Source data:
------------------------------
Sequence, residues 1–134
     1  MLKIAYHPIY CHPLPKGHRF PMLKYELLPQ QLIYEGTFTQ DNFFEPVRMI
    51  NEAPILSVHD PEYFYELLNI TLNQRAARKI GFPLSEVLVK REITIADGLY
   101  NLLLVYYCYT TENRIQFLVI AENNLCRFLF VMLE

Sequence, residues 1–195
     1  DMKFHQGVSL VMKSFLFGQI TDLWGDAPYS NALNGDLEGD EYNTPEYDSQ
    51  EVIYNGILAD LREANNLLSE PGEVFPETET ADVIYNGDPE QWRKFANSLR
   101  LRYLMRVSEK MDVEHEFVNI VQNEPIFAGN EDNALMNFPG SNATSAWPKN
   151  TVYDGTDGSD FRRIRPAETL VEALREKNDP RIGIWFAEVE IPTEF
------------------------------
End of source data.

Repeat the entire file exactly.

Sequence, residues 1–134
     1  MLKIAYHPIY CHPLPKGHRF PMLKYELLPQ QLIYEGTFTQ DNFFEPVRMI
    51  NEAPILSVHD PEYFYELLNI TLNQRAARKI GFPLSEVLVK REITIADGLY
   101  NLLLVYYCYT TENRIQFLVI AENNLCRFLF VMLE

Sequence, residues 1–195
     1  DMKFHQGVSL VMKSFLFGQI TDLWGDAPYS NALNGDLEGD EYNTPEYDSQ
    51  EVIYNGILAD LREANNLLSE PGEVFPETET ADVIYNGDPE QWRKFANSLR
   101  LRYLMRVSEK MDVEHEFVNI VQNEPIFAGN EDNALMNFPG SNATSAWPKN
   151  TVYDGTDGSD FRRIRPAETL VEALREKNDP RIGIWFAEVE IPTEF